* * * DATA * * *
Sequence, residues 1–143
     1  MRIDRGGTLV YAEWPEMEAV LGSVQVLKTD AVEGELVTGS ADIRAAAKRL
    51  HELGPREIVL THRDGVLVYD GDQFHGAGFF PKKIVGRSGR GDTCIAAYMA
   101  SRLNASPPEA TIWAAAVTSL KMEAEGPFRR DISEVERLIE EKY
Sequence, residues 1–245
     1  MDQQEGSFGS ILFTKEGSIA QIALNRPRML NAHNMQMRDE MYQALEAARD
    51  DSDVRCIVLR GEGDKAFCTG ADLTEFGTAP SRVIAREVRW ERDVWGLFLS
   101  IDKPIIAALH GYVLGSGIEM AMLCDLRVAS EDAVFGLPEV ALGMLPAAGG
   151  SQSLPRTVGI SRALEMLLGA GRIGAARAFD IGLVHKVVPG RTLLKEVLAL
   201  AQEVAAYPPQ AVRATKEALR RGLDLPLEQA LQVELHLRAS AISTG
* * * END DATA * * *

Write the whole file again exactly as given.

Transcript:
Sequence, residues 1–143
     1  MRIDRGGTLV YAEWPEMEAV LGSVQVLKTD AVEGELVTGS ADIRAAAKRL
    51  HELGPREIVL THRDGVLVYD GDQFHGAGFF PKKIVGRSGR GDTCIAAYMA
   101  SRLNASPPEA TIWAAAVTSL KMEAEGPFRR DISEVERLIE EKY
Sequence, residues 1–245
     1  MDQQEGSFGS ILFTKEGSIA QIALNRPRML NAHNMQMRDE MYQALEAARD
    51  DSDVRCIVLR GEGDKAFCTG ADLTEFGTAP SRVIAREVRW ERDVWGLFLS
   101  IDKPIIAALH GYVLGSGIEM AMLCDLRVAS EDAVFGLPEV ALGMLPAAGG
   151  SQSLPRTVGI SRALEMLLGA GRIGAARAFD IGLVHKVVPG RTLLKEVLAL
   201  AQEVAAYPPQ AVRATKEALR RGLDLPLEQA LQVELHLRAS AISTG